Indie-punk outfit Pat and the Pissers is set to drop their two-sided long player, SOIL/America’s Dream, on vinyl via Romanus Records on September 30. One LP is on each side of the record, which is filled with real maggots.
Talking about the maggot-laced vinyl record, Romanus Records’ Chris Banta told Louder, “I made a maggot-filled mockup for a potential client that I can’t legally mention at this time. They said no to the maggots as I continued to search for real black flies in their fly state. The idea was simply too good, too gross not to use. I talked to Pat and the Pissers and asked, ‘Does your new LP have anything at all to do with bugs?’ They said the artwork on SOIL literally has some grub bugs on it, and then we were off.”
Made up of Alex Beckman (vocals), Conner (drums), Kilmer (bass), and Mat Keyser (guitar), there’s no one named Pat in the band. In fact, the band got together on the spur of the moment when Beckman’s other band, The Resource Network, couldn’t perform at a gig. Beckman called Conner, who called Kilmer, and they performed that night as Pat and the Pissers.
The America’s Dream side of the album encompasses seven tracks. Entry points include “Freaks,” opening on thick, dirty guitars riding raw percussion that shifts tempo as Beckman’s potently rasping vocals imbue the lyrics with edgy, throat-tearing tones.
“You’re just a bunch of freaks / Bent up on coin machines / Just a bunch of freaks / Entertainment tag a wall / Kleptomania hit the mall / Pockets full of cigarettes.”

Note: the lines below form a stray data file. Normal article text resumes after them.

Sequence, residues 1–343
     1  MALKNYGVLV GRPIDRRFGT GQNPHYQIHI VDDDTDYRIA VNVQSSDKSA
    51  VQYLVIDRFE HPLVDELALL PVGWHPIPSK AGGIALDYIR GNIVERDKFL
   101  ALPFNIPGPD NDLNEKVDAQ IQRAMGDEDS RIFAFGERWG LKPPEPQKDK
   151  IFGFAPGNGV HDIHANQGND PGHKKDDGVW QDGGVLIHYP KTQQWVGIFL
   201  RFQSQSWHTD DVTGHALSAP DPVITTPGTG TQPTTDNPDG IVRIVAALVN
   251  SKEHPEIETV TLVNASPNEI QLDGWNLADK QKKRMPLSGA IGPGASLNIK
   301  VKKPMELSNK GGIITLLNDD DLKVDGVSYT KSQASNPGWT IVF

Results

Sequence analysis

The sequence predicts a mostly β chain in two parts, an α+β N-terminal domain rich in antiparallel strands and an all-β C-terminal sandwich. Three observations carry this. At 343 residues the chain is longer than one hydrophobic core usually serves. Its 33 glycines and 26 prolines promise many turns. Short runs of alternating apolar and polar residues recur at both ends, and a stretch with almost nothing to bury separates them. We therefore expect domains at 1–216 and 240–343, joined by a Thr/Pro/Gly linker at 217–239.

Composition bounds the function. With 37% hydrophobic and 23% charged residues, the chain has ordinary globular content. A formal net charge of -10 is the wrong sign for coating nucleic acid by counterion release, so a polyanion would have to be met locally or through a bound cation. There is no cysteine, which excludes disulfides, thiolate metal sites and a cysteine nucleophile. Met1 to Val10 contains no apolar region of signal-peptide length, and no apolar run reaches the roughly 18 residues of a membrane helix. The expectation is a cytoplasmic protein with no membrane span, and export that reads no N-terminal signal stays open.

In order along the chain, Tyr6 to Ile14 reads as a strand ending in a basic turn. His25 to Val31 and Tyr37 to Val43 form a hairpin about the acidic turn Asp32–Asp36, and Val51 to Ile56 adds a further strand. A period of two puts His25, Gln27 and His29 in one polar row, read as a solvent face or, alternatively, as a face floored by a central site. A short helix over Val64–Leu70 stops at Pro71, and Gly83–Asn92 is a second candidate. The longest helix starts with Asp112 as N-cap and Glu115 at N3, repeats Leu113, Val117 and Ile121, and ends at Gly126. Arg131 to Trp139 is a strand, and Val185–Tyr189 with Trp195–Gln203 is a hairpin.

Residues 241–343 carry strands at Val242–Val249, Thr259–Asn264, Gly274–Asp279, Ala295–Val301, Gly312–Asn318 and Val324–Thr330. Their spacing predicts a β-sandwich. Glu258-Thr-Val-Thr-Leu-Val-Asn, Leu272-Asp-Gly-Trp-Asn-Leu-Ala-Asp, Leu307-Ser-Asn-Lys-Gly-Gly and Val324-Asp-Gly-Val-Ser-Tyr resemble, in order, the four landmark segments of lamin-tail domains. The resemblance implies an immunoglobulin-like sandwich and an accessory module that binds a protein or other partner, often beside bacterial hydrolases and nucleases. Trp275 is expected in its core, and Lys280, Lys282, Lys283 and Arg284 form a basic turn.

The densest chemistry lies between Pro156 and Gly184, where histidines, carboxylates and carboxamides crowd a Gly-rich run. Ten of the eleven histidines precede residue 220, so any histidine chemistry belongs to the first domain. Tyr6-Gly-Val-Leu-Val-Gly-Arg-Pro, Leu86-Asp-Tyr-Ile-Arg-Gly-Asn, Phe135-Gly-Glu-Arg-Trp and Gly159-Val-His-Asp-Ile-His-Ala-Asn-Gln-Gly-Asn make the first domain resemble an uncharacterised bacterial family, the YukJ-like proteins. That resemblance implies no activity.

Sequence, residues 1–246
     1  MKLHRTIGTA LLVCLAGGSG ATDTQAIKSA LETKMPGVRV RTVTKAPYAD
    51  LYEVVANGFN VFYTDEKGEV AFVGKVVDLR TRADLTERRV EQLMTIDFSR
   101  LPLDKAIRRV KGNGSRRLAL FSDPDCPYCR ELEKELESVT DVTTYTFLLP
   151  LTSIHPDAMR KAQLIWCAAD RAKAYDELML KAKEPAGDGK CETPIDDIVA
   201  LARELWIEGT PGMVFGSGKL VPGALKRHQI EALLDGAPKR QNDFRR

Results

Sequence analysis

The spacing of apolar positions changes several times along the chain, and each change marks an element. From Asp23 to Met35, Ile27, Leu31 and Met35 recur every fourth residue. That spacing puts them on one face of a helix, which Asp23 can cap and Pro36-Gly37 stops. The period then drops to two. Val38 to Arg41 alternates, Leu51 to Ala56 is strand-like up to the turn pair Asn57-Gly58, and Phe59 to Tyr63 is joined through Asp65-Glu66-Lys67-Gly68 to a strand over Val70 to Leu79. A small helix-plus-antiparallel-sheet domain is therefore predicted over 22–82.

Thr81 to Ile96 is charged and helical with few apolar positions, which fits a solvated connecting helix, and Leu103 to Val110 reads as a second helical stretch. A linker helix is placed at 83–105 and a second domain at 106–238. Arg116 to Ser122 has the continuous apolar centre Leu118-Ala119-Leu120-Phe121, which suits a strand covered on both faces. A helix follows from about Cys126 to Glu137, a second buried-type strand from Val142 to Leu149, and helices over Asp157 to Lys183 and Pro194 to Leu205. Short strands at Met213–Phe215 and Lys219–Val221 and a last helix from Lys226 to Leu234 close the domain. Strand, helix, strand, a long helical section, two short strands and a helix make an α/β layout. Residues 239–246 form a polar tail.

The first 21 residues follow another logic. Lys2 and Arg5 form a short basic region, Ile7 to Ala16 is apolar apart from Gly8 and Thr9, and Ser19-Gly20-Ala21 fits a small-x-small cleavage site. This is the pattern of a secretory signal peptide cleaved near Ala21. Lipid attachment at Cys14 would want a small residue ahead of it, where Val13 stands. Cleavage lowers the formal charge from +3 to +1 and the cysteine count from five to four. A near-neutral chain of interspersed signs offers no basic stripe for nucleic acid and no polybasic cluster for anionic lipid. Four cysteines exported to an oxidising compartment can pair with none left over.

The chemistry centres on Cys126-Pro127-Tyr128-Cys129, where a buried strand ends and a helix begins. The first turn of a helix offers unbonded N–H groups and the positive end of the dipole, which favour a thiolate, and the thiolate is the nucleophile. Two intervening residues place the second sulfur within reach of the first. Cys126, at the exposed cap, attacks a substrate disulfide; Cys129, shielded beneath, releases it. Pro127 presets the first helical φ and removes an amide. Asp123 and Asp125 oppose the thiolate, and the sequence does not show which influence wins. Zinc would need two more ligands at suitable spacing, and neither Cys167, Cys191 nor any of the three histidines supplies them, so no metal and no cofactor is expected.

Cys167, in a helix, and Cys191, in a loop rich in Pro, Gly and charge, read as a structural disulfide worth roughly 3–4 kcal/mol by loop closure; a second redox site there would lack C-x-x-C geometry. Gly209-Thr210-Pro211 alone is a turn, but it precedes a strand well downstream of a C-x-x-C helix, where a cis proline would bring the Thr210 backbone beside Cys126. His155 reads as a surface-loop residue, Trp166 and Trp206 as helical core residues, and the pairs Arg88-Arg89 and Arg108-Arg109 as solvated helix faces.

“So Thick” begins with a thrash metal-like intro and then flows into a mid-tempo rhythm topped by gnarly, grinding guitars. “Don’t Come in My House” features a pulsing, cymbal-filled intro as Beckman’s Sprechstimme vocals travel overheard, giving the tune a portentous feeling, followed by shouted, gang-like harmonies, leading to an abrasive wall-of-sound outro.
Highlights on SOIL, which consists of 12 tracks, include “Out of Style,” conjuring up a sensation of Rob Zombie on meth, with its jagged, cutting guitars riding a pushing punk rhythm that soon changes tempo, slowing, allowing the guitars to take on viscous textures.
A personal favorite because of its chugging guitars and swaying flow, “Meat” roils and boils with blistering, grungy surfaces. Whereas the intro to “Gut It” recalls Foreigner, followed by merging into a low and dark melody dripping with grimy guitars as Beckman struts his granular vocals, painted with snarling screams.
Fast and vicious, the title track rolls out on a reckless rhythm with buzz-saw guitars emphasizing the wild energy of the song. “Injury” opens on doom-like guitars and then escalates to a frenzied punk tune with blaring guitars and ragged vocals.
Akin to someone setting off a powder keg, Pat and the Pissers pump out visceral layers of erupting hardcore punk that surge with momentum.